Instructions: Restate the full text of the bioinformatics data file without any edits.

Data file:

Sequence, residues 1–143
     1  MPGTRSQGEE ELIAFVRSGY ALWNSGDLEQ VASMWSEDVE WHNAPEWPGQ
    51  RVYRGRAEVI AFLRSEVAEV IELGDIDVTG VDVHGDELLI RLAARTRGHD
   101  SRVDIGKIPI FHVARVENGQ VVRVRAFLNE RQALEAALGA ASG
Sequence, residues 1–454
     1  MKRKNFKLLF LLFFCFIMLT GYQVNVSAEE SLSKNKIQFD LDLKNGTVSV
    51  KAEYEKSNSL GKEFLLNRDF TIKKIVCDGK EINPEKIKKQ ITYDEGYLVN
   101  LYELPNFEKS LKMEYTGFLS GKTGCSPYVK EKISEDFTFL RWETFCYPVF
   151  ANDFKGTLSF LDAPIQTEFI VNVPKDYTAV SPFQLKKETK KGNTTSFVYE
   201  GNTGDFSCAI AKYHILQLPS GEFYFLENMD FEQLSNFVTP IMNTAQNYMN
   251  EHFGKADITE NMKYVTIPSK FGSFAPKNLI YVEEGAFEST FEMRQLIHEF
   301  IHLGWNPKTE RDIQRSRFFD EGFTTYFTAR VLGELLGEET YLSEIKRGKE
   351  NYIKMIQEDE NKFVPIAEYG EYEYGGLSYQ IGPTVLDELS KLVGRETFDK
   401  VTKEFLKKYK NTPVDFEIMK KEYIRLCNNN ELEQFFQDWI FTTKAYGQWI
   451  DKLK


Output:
Sequence, residues 1–143
     1  MPGTRSQGEE ELIAFVRSGY ALWNSGDLEQ VASMWSEDVE WHNAPEWPGQ
    51  RVYRGRAEVI AFLRSEVAEV IELGDIDVTG VDVHGDELLI RLAARTRGHD
   101  SRVDIGKIPI FHVARVENGQ VVRVRAFLNE RQALEAALGA ASG
Sequence, residues 1–454
     1  MKRKNFKLLF LLFFCFIMLT GYQVNVSAEE SLSKNKIQFD LDLKNGTVSV
    51  KAEYEKSNSL GKEFLLNRDF TIKKIVCDGK EINPEKIKKQ ITYDEGYLVN
   101  LYELPNFEKS LKMEYTGFLS GKTGCSPYVK EKISEDFTFL RWETFCYPVF
   151  ANDFKGTLSF LDAPIQTEFI VNVPKDYTAV SPFQLKKETK KGNTTSFVYE
   201  GNTGDFSCAI AKYHILQLPS GEFYFLENMD FEQLSNFVTP IMNTAQNYMN
   251  EHFGKADITE NMKYVTIPSK FGSFAPKNLI YVEEGAFEST FEMRQLIHEF
   301  IHLGWNPKTE RDIQRSRFFD EGFTTYFTAR VLGELLGEET YLSEIKRGKE
   351  NYIKMIQEDE NKFVPIAEYG EYEYGGLSYQ IGPTVLDELS KLVGRETFDK
   401  VTKEFLKKYK NTPVDFEIMK KEYIRLCNNN ELEQFFQDWI FTTKAYGQWI
   451  DKLK